The Supreme Court has on three occasions in modern times addressed the patent eligibility of claimed inventions involving mathematical algorithms. The first was in Gottschalk v. Benson, 409 U.S. 63 (1972) (“Benson”), where the Court addressed the patent eligibility of a process for converting binary-coded decimal numerals into pure binary numbers, which related to a general use computer, but could be performed mentally using a mathematical table, and held that it was not patent eligible because it was merely an abstract idea. Id. at 64, 67, 71-72. Underlying the Court’s decision was the fact that the claim would have preempted all uses of the algorithm and, thus, was drawn to the algorithm itself. Id. 71-72. The next was Parker v. Flook, 437 U.S. 584 (1978) (“Flook”), where the Court addressed the patent eligibility of a mathematical algorithm to update “alarm limits” used in a catalytic conversion process, which, although primarily useful for computerized calculations, did not claim the use of a machine, and held it was not patent eligible. Id. at 585, 590, 594. The last was Diamond v. Diehr, 450 U.S. 175 (1981) (“Diehr”), where the Court addressed the patent eligibility of a process for curing synthetic rubber products that involved taking temperature readings during the process and using mathematical algorithm to calculate the time at which the rubber would be properly cured. Id. 177-179. The Court held that although several steps in the claimed process were mathematical algorithms concerning the recalculation of cure times, the process as a whole was patent eligible because it involved the transformation of an article. Id. at 184-85.
Arguably, the Benson, Flook and Diehr culminated in the rule stated in Diehr and that the “‘[t]ransformation and reduction of an article to a different state or thing is the clue to the patentability of a process claim that does not include particular machines.’” Diehr, 450 U.S. at 184 (quoting Benson, 409 U.S. at 70). However, as evidenced by Bilski proceedings, there has been disagreement about the precise meaning and application of the Benson, Flook and Diehr decisions.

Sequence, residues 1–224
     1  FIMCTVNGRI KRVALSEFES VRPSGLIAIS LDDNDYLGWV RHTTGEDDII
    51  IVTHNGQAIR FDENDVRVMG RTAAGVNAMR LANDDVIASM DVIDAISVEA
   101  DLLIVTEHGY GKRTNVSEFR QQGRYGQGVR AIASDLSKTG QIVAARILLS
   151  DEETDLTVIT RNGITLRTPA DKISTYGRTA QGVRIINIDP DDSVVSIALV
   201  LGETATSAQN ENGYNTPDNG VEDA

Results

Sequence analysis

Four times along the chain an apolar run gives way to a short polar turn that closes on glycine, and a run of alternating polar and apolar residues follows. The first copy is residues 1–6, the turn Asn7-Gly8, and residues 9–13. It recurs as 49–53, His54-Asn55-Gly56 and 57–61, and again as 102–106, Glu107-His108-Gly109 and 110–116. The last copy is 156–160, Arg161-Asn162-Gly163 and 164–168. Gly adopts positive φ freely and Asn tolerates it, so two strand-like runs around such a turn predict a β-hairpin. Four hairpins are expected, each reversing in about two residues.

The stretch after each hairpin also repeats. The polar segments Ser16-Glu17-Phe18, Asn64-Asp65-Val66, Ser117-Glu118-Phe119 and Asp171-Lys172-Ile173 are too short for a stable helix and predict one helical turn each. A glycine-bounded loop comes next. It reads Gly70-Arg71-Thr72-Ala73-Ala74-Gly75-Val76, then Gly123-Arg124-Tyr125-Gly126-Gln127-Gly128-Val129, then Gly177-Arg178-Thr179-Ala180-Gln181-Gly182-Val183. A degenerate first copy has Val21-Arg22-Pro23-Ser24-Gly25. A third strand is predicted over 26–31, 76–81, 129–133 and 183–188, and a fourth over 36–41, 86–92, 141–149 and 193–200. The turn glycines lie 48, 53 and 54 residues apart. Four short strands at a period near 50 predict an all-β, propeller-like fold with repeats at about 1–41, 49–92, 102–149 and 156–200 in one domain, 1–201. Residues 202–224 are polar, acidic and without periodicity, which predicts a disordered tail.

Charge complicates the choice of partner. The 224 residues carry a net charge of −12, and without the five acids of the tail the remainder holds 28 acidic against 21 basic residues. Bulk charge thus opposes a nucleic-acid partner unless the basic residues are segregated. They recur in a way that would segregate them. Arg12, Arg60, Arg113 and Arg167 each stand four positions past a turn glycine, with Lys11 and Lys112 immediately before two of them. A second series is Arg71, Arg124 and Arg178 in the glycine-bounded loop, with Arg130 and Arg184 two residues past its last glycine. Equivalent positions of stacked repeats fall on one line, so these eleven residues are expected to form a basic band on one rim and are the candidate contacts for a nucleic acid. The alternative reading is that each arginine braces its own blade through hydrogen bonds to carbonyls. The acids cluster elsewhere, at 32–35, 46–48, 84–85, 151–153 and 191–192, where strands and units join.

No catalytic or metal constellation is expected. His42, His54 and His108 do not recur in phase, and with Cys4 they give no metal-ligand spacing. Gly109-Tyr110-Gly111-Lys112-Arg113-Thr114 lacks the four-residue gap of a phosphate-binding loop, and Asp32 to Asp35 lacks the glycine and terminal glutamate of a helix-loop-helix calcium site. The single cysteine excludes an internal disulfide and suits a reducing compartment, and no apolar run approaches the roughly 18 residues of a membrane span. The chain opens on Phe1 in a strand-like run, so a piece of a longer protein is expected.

Patentable Subject Matter Under State Street Bank and AT&T Corp. The State Street and AT&T Corp. decisions involved, respectively, a claim drawn to the implementation of an investment structure, called “HUB and Spoke®,” whereby mutual funds could pool their assets in an investment portfolio, and a method for routing long distance telephone calls involving the generation of a primary interexchange carrier indicator to be added to the message records. 149 F.3d at 1370; 172 F.3d at 1353-54. The Federal Circuit held both claims to be patent eligible. Inasmuch as both claims were necessarily implemented by machine (the “means” limitations in State Street’s claim, when properly construed, incorporated physical structures of the specification, including a computer, and thus, the claim was directed to a machine, 149 F.3d at 1371-72), both decisions were arguably consistent with Diehr. However, language in each case suggested that in finding patent eligibility, the Federal Circuit focused solely on whether the claimed method produced some practical application rending it “useful,” State Street, 149 F.3d at 1375 (analysis should focus on “practical utility”); AT&T Corp., 172 F.3d at 1357 (analysis should focus on whether “the mathematical concept has been reduced to some practical application rendering it useful”), arguably, a lower threshold for patent eligibility than that laid out in Benson, Flook and Diehr.